Except replace “one” with “seven”?

Anyway. I’m good with my herd for now. But I learned a thing from Olivia that window/fantasy shopping for horses (and tack and farms and…) and blogging about it is a great way to help with “the wants.”

So I give you…the February 2018 Northern Nevada Correctional Center Saddle-Trained Wild Horse Adoption!

I have never attended a correctional center adoption. I imagine these inmates train with mostly heart and brawn. They aren’t refined competitors or professional trainers. I love the idea of bringing home a horse that they have gentled to finish, but am nowhere near ready for that yet. Still, it’s fun to look.

Can we talk about how chunky these boys are? They all look like draft ponies who have been on unlimited alfalfa, except for a few, and everybody could use a few lessons on self-carriage. But there’s a lot of potential! Most hail from the Little Owyhee or other Nevada HMAs. We’ve got zero greys (boooo), pintos or palominos but some nice bays and blacks. I avoid sorrels and roans for the most part. I’ve got a short, stocky mustang already, so give me long and lean. Here’s my top 3:

  1. Disco. This guy is 16 h and has a super kind eye. I love his three socks and little star. It’s a little strange to pick a horse without seeing his movement, but I can imagine that body working nicely in a dressage setup. He looks like a thoroughbred!

    Disco, 16 h, Little Owyhee HMA

  2. Feather. I need another black horse like I need another horse period. But I think Feather is nicely put together and ready for business. Plus it looks like he has the capacity to grow a metric ton of hair, which is really high on my mustang wish list.

    Feather, 15.2 h, Little Owyhee HMA

  3. Macaroni. OK, I know I said no sorrels, but I’m calling him a liver chestnut and a hunk. All cleaned up he’s gonna be real flashy and he looks well balanced.

    Macaroni, 15 h, Little Owyhee HMA

This rounds out my choice ‘stangs for this episode of Gratuitous Horse Shopping. Who would you pick?


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Trail Ride Success

Heading out off our property has been haunting me since the fall, when I took the mustang on his first overnight (at deer camp) and had one really lovely walk with him and then a second day where he spent 3/4 of the ride trying to toss me off, or at least act enough like he was going to toss me off that I would dismount and he would get his way and there you have it, the opposite of success. This was also coupled with another October experience at a poker ride that ended with me in tears, so let’s just say I didn’t really want to take this horse off the property very badly. But we weren’t giving up, and the mild winter makes for very few excuses, so on Sunday we loaded him in the trailer and drove a couple miles up into the forest to ride on the dirt roads.

You know it’s serious when I get the western tack out.

He was a bit bouncy and did not want to stand still to be mounted, which is consistent with mounting done outside of the arena for the most part. But I can handle forward if he was controlled, and from the start he did listen to me every time I asked for his attention. Three dogs and a boyfriend accompanied us on the trail with three of the four behind us most of the time. It didn’t take long for me to be comfortable enough to ask for a trot, which was again, forward, but not so much that it worried me. I steered him around the icy puddles he didn’t seem to be very concerned about and he followed my aids. During one of our trots he snuck in a few canter strides, which felt like just a little bit of feeling good and not at all about him trying to take off. I thought it would be great to do five miles, but the weather turned to crap so it probably wound up being closer to four. On the way back he did some dancing and a little head tossing, and a few times I obliged the weirdo requests to walk off into the woods instead of staying on the road. I stuck to my guns otherwise, and did not dismount until we were back at the trailer, relieved.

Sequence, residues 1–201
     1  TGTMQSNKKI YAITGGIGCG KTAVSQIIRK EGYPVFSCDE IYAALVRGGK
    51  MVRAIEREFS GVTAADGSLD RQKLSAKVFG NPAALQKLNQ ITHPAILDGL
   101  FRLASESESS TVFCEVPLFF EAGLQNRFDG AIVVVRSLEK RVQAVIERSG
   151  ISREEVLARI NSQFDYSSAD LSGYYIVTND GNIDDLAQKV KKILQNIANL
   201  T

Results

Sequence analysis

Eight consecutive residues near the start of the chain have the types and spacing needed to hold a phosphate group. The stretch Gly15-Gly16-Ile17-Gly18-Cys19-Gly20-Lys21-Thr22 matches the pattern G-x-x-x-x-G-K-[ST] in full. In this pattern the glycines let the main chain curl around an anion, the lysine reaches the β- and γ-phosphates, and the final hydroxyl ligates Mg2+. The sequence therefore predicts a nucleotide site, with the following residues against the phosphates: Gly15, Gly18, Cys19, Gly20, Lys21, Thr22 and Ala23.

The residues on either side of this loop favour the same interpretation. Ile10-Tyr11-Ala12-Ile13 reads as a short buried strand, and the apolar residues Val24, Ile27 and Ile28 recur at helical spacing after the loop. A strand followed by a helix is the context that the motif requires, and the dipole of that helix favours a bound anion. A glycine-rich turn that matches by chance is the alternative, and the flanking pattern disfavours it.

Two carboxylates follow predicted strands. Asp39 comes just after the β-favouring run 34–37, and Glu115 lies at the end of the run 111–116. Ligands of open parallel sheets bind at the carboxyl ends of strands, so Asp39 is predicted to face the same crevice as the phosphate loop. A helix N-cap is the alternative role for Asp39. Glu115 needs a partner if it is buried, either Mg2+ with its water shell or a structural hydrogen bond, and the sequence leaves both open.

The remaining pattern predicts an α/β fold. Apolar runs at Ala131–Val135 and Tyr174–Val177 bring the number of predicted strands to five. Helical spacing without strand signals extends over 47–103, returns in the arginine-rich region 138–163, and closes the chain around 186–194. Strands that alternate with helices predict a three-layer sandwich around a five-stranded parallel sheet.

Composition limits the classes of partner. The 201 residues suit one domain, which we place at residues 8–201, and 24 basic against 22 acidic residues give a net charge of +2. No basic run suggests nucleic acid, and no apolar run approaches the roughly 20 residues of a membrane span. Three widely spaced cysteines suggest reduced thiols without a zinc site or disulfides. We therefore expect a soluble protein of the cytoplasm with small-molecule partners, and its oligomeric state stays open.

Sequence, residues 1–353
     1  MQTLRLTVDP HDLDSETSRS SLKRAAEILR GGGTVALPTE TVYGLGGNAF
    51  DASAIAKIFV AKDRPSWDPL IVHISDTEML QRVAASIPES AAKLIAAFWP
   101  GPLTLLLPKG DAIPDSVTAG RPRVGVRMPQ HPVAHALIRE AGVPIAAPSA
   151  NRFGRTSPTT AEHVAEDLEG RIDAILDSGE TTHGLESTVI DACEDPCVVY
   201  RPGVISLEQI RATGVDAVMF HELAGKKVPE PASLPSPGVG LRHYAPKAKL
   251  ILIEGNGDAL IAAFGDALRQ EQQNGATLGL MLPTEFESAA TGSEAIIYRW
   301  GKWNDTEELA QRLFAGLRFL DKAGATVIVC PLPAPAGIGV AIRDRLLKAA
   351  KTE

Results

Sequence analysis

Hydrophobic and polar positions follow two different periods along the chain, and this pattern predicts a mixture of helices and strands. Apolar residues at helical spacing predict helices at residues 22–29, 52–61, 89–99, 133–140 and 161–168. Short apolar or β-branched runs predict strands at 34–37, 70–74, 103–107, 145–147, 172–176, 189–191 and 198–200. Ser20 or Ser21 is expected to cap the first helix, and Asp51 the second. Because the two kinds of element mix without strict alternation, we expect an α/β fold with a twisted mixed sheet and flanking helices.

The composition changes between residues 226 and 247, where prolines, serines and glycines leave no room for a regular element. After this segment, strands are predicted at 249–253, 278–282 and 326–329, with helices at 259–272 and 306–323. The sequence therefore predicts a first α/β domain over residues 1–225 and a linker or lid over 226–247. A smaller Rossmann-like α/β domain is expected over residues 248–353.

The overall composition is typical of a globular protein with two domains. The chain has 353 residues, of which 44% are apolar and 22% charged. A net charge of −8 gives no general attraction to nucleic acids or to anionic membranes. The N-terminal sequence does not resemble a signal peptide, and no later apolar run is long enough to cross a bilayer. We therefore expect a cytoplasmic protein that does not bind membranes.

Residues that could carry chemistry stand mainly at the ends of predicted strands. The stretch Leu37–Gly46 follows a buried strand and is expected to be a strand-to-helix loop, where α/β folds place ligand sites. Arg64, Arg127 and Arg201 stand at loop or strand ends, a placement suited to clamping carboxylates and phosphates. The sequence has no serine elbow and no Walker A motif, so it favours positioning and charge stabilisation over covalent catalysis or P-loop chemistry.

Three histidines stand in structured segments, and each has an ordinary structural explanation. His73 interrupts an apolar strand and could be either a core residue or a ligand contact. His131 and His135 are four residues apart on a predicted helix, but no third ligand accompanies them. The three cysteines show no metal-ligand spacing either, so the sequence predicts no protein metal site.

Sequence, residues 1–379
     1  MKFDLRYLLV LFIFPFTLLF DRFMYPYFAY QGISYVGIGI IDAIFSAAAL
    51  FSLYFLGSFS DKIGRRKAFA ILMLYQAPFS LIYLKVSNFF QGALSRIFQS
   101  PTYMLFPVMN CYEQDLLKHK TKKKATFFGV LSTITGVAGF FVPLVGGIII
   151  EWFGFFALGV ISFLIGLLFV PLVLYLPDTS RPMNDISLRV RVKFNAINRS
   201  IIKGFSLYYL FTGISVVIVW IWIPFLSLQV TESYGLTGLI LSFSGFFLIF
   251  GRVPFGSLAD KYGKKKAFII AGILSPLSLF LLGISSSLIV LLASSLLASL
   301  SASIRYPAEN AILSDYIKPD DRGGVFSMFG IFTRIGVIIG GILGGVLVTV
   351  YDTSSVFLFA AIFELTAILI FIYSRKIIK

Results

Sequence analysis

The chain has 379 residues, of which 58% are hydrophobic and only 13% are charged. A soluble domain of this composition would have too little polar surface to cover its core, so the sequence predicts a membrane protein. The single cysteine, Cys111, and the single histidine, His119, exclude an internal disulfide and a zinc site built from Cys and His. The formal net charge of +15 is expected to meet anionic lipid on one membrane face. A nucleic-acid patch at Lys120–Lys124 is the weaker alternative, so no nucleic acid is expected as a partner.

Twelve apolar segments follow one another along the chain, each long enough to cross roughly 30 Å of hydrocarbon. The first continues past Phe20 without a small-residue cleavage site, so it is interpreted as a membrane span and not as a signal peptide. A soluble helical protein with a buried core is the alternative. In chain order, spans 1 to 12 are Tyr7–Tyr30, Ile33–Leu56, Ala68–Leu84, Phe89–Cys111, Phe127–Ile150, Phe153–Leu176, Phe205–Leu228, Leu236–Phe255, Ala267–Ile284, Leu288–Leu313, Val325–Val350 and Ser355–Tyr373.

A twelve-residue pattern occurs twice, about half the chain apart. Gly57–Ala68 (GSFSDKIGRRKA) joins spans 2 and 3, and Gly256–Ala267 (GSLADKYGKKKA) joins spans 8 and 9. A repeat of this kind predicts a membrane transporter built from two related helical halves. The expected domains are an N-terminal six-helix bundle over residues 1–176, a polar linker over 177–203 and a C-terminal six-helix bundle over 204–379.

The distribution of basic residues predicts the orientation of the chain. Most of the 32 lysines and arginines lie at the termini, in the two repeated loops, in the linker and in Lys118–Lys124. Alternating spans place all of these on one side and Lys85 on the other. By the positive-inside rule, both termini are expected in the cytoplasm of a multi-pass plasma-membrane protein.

Obligatory cheesy smile because horse is not being a jerk and I can feel my toes. (Toe feeling and smile were lost not long after.)

It wasn’t perfect, and it wasn’t on our own, which is when I’m much more likely to panic and worry about being thrown and therefore immediately hop off and weep, but it was a start. I beamed the whole way home.

My brown dog was such a trooper on this walk. I loved having her by my side.

Of course the outcome of this one, positive ride made me suddenly eager to start doing some conditioning and the next day it snowed but I thought I would still get out there and get a couple miles in. The dirt road was an icy mess and the creek was suddenly under snow and terrifying and it got dark and next thing you know I was walking him back home having realized that maybe the mild part of winter has departed and it might be a good idea to hold my horses on the trails until we can see some dirt again.

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Two things I bought myself (both used on eBay) as birthday month gifts to get excited about more time in the saddle:

  1. A Garmin Forerunner GPS watch. I have been wanting one for years but since I stopped running very much it felt like something I didn’t need. (There are so many phone apps that do the same thing.) But if we’re going to do endurance miles this will be a much more fun and easy way to track time/distance. It’s already motivating me to move more, even unrelated to the equine.
  2. A sheepskin seat cover. This thing is used and I have no idea if it’s contoured for a western or english saddle but I used it on my western this weekend and hoo-boy, was that nice in the cold.